It turns out more than makeup separates my pajama self from my public self.
It’s not that my pajama self is anything to be ashamed of.
In California, I’m finding a strange cultural contrast with how I grew up: people like it when you “keep it real” here. Old social rules are arbitrary. Formalities trap you in insincerity. Real people are who they are. They say what they want, when they want, and irreverence gets applause.
Other places I have lived, thinking of a certain England or the South, come with elaborate codes of manners. There is a rule for any social situation. There is a pattern for how to treat people, and it’s offensive when you don’t comply. Often, working knowledge of the rules determines a person’s social place. There is a lot of saying what you don’t mean because you’re supposed to.
I want to offer a defense for that.
It’s not all about performance for approval and power, the thing that “keeping it real” is supposed to remedy. When it’s done right, it’s about attending to the people around you, putting others before yourself, and caring for them well.
I understand that if you’re my age, you might not have been raised with etiquette and manners training. I get that the 60s taught our parents to hate that stuff. I get that it’s never really been a thing out here in California.
But “keeping it real” can make things rough. We shove our sentences, delivering them with unnecessary roughness. It often makes more room for selfishness and self-absorption than it does for other people’s needs. The loudest and most powerful are the ones that get heard and get their way.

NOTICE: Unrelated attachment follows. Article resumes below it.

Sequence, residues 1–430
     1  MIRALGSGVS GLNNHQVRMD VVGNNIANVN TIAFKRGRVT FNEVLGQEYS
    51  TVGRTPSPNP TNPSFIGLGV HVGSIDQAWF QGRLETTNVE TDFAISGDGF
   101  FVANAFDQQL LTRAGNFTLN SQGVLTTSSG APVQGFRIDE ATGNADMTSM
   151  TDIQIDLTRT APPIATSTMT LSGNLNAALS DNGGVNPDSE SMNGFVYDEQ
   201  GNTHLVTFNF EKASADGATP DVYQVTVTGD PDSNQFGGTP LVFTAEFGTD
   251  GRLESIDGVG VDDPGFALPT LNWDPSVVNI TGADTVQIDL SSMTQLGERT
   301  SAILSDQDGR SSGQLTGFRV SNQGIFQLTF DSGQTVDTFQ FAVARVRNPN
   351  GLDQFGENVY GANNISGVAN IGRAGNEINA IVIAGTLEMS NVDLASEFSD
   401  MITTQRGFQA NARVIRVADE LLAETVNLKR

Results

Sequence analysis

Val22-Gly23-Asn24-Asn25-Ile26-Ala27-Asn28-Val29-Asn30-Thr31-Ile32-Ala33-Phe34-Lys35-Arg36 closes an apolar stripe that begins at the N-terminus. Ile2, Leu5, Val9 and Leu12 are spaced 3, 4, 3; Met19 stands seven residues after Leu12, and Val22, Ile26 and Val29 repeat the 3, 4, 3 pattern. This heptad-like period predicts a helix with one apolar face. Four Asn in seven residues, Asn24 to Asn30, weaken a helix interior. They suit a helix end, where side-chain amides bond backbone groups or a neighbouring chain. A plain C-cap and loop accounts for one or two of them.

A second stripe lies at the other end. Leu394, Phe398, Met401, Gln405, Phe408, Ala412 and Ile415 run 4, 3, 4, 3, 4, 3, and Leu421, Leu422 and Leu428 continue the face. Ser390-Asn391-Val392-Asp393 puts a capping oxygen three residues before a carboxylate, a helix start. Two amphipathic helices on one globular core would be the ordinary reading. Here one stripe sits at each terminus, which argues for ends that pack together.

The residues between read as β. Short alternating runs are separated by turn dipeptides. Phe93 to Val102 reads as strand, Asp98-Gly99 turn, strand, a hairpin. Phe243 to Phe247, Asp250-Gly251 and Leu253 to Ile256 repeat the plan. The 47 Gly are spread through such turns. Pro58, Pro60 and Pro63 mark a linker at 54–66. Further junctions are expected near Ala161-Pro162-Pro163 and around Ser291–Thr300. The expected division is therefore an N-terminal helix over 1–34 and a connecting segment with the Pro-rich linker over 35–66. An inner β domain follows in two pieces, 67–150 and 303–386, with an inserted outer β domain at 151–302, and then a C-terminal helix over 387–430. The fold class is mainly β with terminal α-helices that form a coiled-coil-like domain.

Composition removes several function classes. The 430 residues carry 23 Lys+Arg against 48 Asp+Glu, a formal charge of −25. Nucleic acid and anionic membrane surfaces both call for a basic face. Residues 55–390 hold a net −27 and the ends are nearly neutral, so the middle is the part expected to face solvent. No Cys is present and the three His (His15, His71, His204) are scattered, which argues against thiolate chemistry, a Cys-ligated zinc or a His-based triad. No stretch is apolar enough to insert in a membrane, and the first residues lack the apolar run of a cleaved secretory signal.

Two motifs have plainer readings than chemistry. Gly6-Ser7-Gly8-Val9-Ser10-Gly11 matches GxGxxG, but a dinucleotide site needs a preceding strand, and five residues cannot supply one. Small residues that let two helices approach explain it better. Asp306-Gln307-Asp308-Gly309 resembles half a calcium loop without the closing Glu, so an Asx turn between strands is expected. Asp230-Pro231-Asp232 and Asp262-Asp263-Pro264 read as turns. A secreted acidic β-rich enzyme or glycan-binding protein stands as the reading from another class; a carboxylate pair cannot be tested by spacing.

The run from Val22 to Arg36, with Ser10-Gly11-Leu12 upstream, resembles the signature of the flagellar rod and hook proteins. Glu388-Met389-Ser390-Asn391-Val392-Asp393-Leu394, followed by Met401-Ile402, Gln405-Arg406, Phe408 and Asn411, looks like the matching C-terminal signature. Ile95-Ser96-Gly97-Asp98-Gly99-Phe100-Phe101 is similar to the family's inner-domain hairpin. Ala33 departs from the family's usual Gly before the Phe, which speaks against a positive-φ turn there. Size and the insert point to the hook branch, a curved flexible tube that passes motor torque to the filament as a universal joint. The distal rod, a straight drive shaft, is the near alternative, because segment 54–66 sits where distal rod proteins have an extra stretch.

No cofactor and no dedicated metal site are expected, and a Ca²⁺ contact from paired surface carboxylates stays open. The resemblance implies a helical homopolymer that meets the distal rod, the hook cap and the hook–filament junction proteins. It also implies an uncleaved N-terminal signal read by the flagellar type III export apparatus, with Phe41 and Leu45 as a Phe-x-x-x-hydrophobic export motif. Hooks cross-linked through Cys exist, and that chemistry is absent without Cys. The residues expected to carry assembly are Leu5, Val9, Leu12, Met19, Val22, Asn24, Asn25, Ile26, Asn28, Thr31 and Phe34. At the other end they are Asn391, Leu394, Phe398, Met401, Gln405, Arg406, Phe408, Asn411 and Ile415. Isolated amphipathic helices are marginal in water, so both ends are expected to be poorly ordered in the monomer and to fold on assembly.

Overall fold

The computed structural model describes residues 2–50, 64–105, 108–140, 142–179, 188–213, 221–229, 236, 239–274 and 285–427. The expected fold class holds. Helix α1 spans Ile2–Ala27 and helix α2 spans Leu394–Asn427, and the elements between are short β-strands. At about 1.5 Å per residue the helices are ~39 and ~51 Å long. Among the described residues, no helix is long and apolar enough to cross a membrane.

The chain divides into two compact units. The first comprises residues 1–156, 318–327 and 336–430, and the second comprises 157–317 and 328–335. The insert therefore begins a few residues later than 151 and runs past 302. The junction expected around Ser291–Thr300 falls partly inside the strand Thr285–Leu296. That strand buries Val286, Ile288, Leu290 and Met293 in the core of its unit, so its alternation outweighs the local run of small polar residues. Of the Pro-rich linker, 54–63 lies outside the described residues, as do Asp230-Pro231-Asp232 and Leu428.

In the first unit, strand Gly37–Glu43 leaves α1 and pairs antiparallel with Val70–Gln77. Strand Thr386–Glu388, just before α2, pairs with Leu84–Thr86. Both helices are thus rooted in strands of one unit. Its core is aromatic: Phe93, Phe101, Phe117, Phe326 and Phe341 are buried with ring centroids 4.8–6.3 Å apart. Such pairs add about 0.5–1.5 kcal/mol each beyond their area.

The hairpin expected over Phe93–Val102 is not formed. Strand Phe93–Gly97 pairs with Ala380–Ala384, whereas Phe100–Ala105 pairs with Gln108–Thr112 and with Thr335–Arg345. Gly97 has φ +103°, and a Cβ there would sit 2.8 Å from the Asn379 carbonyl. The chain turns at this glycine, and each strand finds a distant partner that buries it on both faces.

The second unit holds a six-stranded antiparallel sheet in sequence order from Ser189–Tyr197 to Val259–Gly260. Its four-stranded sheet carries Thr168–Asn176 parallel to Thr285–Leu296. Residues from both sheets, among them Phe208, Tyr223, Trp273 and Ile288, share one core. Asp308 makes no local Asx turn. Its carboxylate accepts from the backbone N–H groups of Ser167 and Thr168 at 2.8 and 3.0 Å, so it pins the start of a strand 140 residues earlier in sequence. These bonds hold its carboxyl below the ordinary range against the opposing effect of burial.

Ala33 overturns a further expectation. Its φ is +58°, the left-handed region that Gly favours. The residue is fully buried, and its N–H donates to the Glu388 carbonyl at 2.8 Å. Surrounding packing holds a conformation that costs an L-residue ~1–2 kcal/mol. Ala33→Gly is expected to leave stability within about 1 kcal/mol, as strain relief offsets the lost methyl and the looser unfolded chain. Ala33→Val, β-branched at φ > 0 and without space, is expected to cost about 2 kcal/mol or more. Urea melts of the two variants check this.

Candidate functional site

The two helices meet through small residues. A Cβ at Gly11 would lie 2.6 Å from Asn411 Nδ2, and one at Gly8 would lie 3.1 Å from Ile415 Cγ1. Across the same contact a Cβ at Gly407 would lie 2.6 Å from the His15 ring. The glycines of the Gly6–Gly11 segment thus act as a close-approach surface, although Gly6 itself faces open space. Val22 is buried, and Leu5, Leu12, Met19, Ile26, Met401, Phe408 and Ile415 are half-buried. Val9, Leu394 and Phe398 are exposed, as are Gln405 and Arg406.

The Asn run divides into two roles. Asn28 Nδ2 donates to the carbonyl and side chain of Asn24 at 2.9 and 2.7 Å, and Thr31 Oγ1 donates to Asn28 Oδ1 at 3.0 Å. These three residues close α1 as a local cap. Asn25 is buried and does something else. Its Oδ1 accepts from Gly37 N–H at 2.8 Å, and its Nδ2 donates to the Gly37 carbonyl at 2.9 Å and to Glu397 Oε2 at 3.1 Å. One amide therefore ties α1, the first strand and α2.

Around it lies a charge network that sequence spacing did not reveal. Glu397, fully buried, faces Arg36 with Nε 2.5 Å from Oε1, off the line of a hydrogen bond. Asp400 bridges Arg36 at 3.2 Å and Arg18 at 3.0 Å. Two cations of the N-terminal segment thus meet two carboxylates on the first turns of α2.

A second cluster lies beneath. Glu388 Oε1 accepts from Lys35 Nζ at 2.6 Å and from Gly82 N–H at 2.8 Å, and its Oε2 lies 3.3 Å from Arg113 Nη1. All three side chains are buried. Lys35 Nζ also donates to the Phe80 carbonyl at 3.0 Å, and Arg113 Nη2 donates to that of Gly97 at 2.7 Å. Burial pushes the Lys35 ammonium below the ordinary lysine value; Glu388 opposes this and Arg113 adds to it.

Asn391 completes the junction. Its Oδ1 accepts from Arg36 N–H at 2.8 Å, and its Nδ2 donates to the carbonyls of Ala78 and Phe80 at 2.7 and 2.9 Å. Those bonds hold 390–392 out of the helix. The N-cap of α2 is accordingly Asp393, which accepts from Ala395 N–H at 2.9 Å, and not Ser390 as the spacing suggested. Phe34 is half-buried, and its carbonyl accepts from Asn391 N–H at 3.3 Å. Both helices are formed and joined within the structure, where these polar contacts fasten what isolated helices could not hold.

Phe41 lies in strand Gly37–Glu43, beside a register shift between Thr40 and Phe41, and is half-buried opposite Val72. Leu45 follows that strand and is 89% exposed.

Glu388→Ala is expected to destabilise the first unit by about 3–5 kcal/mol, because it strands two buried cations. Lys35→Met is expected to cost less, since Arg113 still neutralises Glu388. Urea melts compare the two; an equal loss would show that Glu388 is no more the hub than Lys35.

I also get that if you don’t, from your deepest heart, live by the command “Love your Neighbor” and follow the Person who said it, you don’t have any motivation other than power and approval to follow the code.
But if you are such a follower, then you should welcome any help you can get in knowing how to care well for people. You should be thankful for the rules that remind you to pay attention to other people when it doesn’t come naturally to you. You should be mindful of the turns of phrase and civilities that systematically allow us to honor the personhood of strangers. We need help knowing how to love our neighbor.
We were told to do this a long time ago.
“Therefore, as God’s chosen people, holy and dearly loved, clothe yourselves with compassion, kindness, humility, gentleness and patience.”
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